What is normal?

A common question that I think all sexual health workers hear at some point is: “am I normal?”

I don’t love the word normal because I think for many folks it looks something like this:

Normal = common = good/right [and this is problematic for many reasons].

But lots of things are common and not good (e.g., racism) and lots of things are common and not normal (e.g., pain 6 months after an injury). Conversely, plenty of things are not common statistically speaking but totally normal and okay (e.g., queer and trans identities).

What is normal supposed to mean?

Google dictionary says, “conforming to a standard; usual, typical, or expected.” This is an excellent definition, it can really highlight for us our biases because normal isn’t actually inherently good or bad. However, it can highlight for us what our expectations are or what to conform to, which can out us on a number of personal, social, and cultural assumptions.

This also explains why I hate the word normal. I work with people in sexual health and for the most part people are very concerned with whether or not they are normal. I do not feel there is a standard, usual, typical, or expected sexuality that people should have outside of consensual sex. Therefore, sexual assault/coercive is the only abnormal sex in my books even though it’s common. So, if you like being tickled with a feather while hanging upside down as someone plays with your nipples- that’s completely within the realm of normal sexuality regardless of whether or not I like it. In this context, normal can highlight the healthiness or goodness of a thing.

Racism is another important example. I expect most (if not all) Canadians to be racist given our violent colonial history and current colonial practices of favouring dominant white culture and needs over BIPOC populations (no clean running water on Indigenous reserves is an example of a modern colonial act of violence). But even though it is typical, usual, or even the standard for individuals and systems to act in white supremacist and racist ways, it does not mean that is okay and we need to proactively work against this norm. In other words, it’s a big problem that it is so normal.

So… why do I use the word normal at all?

Because it is useful to know what people, including practitioners, believe to be standard, usual, typical, or expected so when that isn’t happening we can do further investigations.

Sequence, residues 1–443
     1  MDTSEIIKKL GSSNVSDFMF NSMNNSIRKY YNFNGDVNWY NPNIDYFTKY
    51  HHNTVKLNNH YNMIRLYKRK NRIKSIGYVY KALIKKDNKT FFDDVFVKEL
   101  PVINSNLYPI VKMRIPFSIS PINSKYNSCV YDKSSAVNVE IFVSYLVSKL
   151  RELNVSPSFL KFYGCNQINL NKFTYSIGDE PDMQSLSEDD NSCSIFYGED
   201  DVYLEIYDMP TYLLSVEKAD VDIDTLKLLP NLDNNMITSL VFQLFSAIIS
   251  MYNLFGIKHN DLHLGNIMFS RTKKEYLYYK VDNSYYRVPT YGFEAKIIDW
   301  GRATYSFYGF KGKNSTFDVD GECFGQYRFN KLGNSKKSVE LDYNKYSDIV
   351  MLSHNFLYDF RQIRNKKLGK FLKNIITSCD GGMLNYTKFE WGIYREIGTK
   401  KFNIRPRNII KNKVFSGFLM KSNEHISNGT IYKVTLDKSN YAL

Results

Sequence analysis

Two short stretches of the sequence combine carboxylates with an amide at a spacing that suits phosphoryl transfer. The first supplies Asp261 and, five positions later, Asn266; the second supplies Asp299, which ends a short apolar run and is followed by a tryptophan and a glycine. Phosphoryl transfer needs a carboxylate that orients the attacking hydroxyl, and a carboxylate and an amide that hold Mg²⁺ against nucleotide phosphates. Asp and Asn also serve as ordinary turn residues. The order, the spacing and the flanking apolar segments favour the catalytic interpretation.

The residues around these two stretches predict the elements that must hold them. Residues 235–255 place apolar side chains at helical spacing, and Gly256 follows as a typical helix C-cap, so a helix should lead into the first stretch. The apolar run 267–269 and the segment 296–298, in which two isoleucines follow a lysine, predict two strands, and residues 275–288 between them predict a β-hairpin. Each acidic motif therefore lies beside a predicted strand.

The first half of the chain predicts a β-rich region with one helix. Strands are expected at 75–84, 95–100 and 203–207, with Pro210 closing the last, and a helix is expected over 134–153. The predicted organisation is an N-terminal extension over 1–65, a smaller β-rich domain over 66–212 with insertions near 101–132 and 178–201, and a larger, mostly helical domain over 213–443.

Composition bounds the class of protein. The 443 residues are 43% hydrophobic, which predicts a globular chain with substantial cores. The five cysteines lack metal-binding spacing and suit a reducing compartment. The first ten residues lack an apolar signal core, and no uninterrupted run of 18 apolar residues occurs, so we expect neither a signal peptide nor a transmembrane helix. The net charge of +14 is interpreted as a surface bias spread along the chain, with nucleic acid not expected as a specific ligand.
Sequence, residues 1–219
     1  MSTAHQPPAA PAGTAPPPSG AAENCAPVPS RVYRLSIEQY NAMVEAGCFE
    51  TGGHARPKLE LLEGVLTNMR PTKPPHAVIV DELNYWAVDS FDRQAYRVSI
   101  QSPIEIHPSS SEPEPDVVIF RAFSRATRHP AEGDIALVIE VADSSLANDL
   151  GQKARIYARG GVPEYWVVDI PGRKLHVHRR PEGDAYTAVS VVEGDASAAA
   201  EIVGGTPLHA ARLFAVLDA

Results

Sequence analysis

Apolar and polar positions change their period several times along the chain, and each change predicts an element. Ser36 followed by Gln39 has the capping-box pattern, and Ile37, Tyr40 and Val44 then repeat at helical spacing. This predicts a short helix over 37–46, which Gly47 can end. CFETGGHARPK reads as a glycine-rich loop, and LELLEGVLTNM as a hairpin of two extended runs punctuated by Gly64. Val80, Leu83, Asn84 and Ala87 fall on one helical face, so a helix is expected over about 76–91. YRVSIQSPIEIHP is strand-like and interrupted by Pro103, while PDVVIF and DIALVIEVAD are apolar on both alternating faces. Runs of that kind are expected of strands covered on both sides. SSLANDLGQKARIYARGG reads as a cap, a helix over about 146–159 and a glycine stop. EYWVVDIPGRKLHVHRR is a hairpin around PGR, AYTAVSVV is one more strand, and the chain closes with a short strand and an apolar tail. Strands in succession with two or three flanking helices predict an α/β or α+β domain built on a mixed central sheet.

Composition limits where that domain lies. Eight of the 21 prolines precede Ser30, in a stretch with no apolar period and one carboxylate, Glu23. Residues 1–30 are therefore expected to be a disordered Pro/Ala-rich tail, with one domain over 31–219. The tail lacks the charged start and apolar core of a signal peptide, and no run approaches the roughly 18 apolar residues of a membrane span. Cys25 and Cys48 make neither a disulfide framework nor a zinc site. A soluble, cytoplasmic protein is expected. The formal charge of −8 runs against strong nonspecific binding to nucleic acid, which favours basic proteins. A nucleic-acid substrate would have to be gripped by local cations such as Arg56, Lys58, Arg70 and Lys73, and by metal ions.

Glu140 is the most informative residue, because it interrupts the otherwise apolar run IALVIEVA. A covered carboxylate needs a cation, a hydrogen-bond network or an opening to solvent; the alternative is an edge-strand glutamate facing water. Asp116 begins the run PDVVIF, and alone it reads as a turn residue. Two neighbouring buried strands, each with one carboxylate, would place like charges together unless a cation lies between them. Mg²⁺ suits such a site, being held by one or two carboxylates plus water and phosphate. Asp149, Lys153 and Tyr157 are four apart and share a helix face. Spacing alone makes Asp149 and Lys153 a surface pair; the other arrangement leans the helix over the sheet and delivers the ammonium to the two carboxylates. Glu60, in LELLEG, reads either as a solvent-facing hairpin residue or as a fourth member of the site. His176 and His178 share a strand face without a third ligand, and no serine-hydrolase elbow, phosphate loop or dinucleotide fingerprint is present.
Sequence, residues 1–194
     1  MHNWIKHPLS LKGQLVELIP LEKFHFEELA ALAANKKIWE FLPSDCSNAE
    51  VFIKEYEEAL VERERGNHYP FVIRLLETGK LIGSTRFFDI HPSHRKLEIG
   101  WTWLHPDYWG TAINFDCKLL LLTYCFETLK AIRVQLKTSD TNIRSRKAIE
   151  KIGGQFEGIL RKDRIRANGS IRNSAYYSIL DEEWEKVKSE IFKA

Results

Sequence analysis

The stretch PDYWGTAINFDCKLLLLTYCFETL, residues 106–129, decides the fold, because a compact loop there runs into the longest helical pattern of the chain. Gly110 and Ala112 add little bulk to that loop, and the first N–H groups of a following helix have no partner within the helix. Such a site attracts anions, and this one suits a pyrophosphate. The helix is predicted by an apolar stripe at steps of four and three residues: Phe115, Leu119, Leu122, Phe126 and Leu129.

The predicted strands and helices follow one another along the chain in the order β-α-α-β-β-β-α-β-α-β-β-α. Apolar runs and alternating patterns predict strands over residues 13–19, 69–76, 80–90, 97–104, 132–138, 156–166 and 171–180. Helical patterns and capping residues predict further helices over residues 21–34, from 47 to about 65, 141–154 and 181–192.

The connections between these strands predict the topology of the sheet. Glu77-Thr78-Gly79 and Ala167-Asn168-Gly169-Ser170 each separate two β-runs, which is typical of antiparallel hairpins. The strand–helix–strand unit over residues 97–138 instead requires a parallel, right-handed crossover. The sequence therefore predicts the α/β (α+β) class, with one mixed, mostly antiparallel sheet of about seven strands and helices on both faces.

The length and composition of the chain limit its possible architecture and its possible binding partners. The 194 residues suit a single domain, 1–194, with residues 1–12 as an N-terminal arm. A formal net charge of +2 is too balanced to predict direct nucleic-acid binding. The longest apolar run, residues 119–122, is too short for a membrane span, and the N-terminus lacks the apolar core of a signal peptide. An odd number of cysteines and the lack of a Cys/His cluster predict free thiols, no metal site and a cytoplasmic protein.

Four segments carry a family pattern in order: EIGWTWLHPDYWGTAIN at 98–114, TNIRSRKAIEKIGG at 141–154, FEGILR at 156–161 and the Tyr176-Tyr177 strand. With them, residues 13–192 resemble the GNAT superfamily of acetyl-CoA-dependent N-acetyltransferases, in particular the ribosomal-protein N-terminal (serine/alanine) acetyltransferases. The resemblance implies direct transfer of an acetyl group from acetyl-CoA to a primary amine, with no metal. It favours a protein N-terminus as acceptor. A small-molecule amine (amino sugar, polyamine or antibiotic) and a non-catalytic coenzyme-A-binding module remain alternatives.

In the medical community normal can be used in oppressive ways as much as it can be used in empowering ways, because again, normal is not actually inherently good or bad. In mental health, we talk about what is normal or abnormal all the time, constantly redefining where to draw that line. Some modalities don’t even believe there is an abnormal, just a spectrum of dysfunctional versus functional way to behave (I bet you can guess where I sit on this debate).

How can the concept of normal be useful in this context? It can help us determine when we need to seek help.

For example, it is normal to have pain for up to 6 months after birth because it is normal for a body to need that long to heal itself. Some bodies heal faster! Some bodies take longer, but if they take longer than 6 months they usually need some kind of further investigation or healing intervention. Meaning, if people know that pain during sex 6 months + postpartum is not normal, they will know it is time to talk to a doctor or pelvic physiotherapist because they body needs some help. We expected the body to heal by then (some folks even put that number at the 3 months mark).

But what kind of birth? Is this number based off births with multiple medical interventions? Should the same number apply to home births? The question of what is a normal birth is highly contentious.

Timeline cut-offs are always foggy because what’s normal for one person may not be what’s normal for another. But if you ever see something as “normal” or “abnormal” in the world of health what they are really trying to communicate is “this is a healthy response from your body doing its thing” versus “your body needs help doing its thing” and that’s important information to have. The medical community has cut-offs to attempt reducing overreactions and underreactions. It’s not a perfect system, but it is what we have for now and it seems to be language that a lot people are using because it makes sense to them. However, I will continue to explore different ways of playing with language that is accurate and understandable. I hope we all do!

Lastly, I would like to remind folks that just because you are experiencing something in your body that is not normal does not mean you are not normal. It does not mean that you failed. It does not mean that you wrong. After reading this article, do you even want to be normal?

My hope is that after reading this article you start your answer with “it depends…”